Hong Kong’s International Status: No Longer a Middleman

Photo source: Nikkei Asian Review

Citation: Hak Yin Li, “Hong Kong’s international status: No longer a middleman”, EAI Background Briefs 1452 (2019): 1-14.


Executive Summary

1. Hong Kong’s international status has a special place in the international community as it has been a middleman between China and the West since the 1950s.

2. In the past, China adopted the “long-term consideration, full utilisation” (Changqi Dasuan, Chongfen Liyong) policy of turning Hong Kong into an international channel for importing various necessities and materials as well as trading with other countries.

3. From the Western perspective, Hong Kong was a platform for observing, studying and comprehending China, an important place for American intelligence service and a Western strategic financial centre in Asia.

4. However, Hong Kong’s international status has been challenged by the increase in influence from Beijing after the handover. Hong Kong is no longer a middleman for its inclination to side Beijing in order to serve Chinese national interests.

5. Hong Kong has been used by China to conduct public diplomacy and present diplomatic signals to foreign countries through means that can be classified as semiofficial and non-official channels.

6. Former chief executive of Hong Kong and now the vice chairman of the National Committee of the Chinese People’s Political Consultative Conference Tung Chee Hwa has utilised China-US Exchange Foundation to conduct Chinese public diplomacy.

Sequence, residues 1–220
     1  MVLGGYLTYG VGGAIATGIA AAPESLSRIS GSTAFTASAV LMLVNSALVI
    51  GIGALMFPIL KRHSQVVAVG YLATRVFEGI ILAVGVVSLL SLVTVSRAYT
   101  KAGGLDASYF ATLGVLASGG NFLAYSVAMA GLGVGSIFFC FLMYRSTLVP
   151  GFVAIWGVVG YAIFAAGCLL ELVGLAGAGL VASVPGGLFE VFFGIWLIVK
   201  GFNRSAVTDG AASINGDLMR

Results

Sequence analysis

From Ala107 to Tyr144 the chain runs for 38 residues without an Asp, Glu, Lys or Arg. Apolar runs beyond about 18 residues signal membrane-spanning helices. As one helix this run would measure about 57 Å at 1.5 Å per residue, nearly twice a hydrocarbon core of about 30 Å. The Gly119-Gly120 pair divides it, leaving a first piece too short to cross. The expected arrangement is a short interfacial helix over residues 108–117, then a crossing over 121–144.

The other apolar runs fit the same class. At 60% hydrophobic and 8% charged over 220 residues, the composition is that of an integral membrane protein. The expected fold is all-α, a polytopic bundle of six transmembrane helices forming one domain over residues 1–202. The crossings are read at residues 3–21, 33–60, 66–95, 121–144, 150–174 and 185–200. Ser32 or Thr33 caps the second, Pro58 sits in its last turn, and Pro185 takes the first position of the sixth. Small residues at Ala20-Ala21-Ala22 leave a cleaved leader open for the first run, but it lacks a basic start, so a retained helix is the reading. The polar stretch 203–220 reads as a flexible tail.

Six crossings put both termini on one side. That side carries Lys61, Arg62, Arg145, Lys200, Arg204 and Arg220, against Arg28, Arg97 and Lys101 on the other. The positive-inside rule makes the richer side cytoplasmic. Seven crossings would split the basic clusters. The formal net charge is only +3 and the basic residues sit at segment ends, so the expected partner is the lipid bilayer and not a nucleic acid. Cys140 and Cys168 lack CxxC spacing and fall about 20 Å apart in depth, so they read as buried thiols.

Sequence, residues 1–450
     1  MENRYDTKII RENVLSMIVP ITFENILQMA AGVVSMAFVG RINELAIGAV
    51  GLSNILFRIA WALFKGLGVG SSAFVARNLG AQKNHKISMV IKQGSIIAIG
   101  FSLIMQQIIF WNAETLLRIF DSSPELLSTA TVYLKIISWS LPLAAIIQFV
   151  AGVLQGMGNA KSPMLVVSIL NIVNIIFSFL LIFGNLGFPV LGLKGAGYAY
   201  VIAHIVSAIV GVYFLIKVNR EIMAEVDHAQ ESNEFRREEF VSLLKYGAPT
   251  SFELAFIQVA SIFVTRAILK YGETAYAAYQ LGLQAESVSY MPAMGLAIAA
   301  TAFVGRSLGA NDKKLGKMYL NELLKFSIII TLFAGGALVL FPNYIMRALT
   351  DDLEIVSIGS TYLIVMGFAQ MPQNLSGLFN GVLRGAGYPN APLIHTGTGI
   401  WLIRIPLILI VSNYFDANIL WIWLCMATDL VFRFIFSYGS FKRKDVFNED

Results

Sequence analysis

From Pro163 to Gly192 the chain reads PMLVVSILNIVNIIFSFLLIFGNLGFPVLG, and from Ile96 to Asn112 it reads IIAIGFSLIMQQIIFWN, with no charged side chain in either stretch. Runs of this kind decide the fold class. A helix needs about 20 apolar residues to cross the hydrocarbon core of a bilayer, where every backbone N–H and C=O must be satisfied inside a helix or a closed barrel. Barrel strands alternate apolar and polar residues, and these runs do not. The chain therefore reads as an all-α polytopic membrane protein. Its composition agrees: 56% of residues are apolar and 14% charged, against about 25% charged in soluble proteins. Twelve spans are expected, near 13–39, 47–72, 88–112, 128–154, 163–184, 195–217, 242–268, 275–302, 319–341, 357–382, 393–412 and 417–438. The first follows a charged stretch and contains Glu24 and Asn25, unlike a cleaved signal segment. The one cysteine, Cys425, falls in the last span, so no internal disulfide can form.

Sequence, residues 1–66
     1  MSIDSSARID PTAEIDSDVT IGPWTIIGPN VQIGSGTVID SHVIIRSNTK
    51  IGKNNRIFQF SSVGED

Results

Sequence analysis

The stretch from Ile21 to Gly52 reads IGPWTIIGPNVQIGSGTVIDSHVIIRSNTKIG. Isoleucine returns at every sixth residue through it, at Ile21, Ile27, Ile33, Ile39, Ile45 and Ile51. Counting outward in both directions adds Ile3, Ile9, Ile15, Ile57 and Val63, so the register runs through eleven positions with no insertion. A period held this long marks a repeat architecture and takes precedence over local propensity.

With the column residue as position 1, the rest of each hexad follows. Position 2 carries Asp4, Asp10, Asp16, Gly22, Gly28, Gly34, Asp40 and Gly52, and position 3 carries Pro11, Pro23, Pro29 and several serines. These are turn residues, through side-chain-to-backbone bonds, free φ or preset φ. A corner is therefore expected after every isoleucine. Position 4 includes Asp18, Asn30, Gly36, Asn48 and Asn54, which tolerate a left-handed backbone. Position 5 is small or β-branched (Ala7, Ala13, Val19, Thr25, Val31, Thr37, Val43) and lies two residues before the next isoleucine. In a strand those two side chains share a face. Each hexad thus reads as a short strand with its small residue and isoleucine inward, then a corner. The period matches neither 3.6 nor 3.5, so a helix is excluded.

7. China has used American naval port visits to Hong Kong, ice-breaking meeting between Chinese and Philippine delegates in Hong Kong as well as the seizure of Singapore’s armoured vehicles in Hong Kong as various diplomatic gestures to the outside world at the semi-official level.

8. The cases of Edward Snowden and Patrick Ho suggest that Chinese influence has prevailed over the Hong Kong government at the non-official level. The Hong Kong government did not cooperate with the United States on the former case, while Hong Kong ex-officials are involved in Chinese public diplomacy and acting in Chinese interests.

9. All evidences show that Hong Kong has no bargaining power vis-a-vis the Chinese government. The Basic Law offers Beijing institutional strength to manage Hong Kong’s foreign and military affairs, while China’s emerging economic capability has turned the dependency relations from Hong Kong to China.

10. As long as Hong Kong can maintain the rule of law and free flow of information, it can differentiate itself from Shanghai or Shenzhen and prolong its special international status. The question is not about what the Hong Kong administration could do, but whether the Chinese government can leave Hong Kong alone.


EAI Background Briefs are policy-oriented research papers circulated to government. They are available for reference in National Library or NUS Library.